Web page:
My son has two parents who have a different neurological make up.  Two parents who's communication is completely foreign to his own.  He is stuck with two people responsible for his well being that still aren't fluent in his language, "Kiddoense", as I call it.  Every interaction, every exchange, and every conversation can be both stressful and enlightening to both of us.  I would venture to guess he's having just as many "Oh. So that's what they meant!" moments as we do.  Tons of information being processed at all times.  Busy even while at rest.  That's when it can suck a little.

I have missed so many signs of impending illness and or anxiety inducing situations simply because he can't tell me off the bat, "Ma, I don't feel good." or "I'm scared".  That more than sucks, that breaks my heart.  Time and time again I will be cursing myself about how I didn't notice the signs as I'm cleaning up his puke or trying to soothe him when he is upset.  He can tell me the number of a hotel room we stayed three years ago on a vacation but can't tell me that his ears are hurting him when he has an infection.  That blows.  As a mom, my instinct is cuddle and wrap my arms around him to comfort him when he is frightened but with his sensory issues being what they are, it is the last thing he needs or wants.  I won't lie.  That is so freaking hard for me.  I know that's my issue and I have to deal with it.  It's just not the type of mothering I thought I would be doing.  All these years later, still not used to it.  It sucks for him that he still has to remind me what he needs or can handle.   

My son has amazed me with how he views the world.  It's opened doorways I didn't even know were there.  He didn't just knock politely on those doors either.  He slammed them open like that TV character "Kramer" on Seinfeld.  Jarring as that is, it's been awesome. Eye and mind opening. I appreciate his patience with me because sometimes I didn't feel like walking through those doorways.  He dragged me in kicking and screaming.  Once I got there I was grateful but it sucks that some of our interactions can be like that.  I feel like I have failed as his mother that I resisted as much as I did.  That's when it sucks too.

I also forget how it's not just our little immediate family circle that is effected.  Listening to my mom give me parenting advice and sympathy but it's paired with "I wish I knew what to say. I never parented a kid with autism."  I can hear her voice catch.  I tell her it's okay. I don't expect her to know.   That's another "situationly sucky" moment.   She worries about me AND him.  (By the way "Granny Fry", that WAS the perfect thing to say at that moment.  That's exactly what I needed to hear.  So maybe it didn't "situationly suck" after all?)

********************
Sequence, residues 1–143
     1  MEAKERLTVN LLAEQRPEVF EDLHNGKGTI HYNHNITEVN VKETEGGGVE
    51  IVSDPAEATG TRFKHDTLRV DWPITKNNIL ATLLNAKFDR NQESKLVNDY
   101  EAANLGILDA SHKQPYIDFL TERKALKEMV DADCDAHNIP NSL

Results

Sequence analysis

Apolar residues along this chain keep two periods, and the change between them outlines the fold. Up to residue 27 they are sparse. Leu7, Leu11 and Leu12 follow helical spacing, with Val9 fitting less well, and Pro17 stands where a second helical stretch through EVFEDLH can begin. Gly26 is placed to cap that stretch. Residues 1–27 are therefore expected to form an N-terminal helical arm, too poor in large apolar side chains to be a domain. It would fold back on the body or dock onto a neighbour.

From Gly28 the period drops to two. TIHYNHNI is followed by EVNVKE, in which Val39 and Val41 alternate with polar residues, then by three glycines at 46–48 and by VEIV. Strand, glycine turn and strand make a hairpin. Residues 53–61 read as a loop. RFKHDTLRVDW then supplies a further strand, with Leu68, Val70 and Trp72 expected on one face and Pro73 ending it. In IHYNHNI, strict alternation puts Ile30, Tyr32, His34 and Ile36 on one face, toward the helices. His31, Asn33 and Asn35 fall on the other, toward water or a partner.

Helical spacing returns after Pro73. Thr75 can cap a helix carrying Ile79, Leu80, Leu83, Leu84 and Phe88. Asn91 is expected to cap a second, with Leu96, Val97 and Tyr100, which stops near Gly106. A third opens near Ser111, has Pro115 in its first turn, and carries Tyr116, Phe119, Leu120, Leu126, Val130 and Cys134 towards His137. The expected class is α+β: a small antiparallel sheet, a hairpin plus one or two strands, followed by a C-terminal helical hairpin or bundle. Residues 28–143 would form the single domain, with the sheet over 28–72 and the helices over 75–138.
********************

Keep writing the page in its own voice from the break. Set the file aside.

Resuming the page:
His autism isn't going anywhere.  I'm okay with that.  It makes him, well, him.  I just hate watching him struggle.  I just don't care for the moments when it "situationly sucks".  I keep trying to help and support him as much as I can.  I just wish the "situationly suck" moments were less, for the both of us. 

Tuesday, March 11, 2014

The weight of his words

Last night the kiddo came out of his appointment with his speech therapist.  As he was wrangling himself into his coat, she shared a cute moment with him.  They have been working on descriptive words as a way to expand his sentence making.  He's starting to slowly get the concept of it but his literal autism mind made quite an appearance.

She wrote out the sentence.  "I will eat ice cream for dessert. The ice cream feels________. " Now to you, you might reply "cold".  The sentence before was about eating soup for lunch and how it was hot.  The kiddo's answer?

"The ice cream feels HAPPY!"

 Now I have to admit, a Dairy Queen ice cream sundae makes me feel happy on many occasions.  Especially when it's nice out and you can eat it outside. I swear ice cream always tastes ten times better when eaten outdoors. Anywho, we had a nice little chuckle about it but it reminded us both just how literal he takes any word spoken and how tough it can be to teach abstract concepts.  Last year in school, they really drove home the concepts of feelings.  I was pretty grateful for it in some ways because I could see it as 1) A good conversation starter "How are you?" or as we say in Jersey "How you doin'?" 2) He could actually tell me when he was upset and I wouldn't have to play the autism guessing game of what's going on with him.  I don't play that game very well.  I often lose. 

Now I realize I have to teach him about feeling feelings and about feeling things.  It's one of those moments where I wonder why they are trying to teach him Spanish in school too.  Really, he's having a hard enough time with English and didn't Dora the Explorer teach him all the Spanish he needs to know using Swiper and the big red chicken?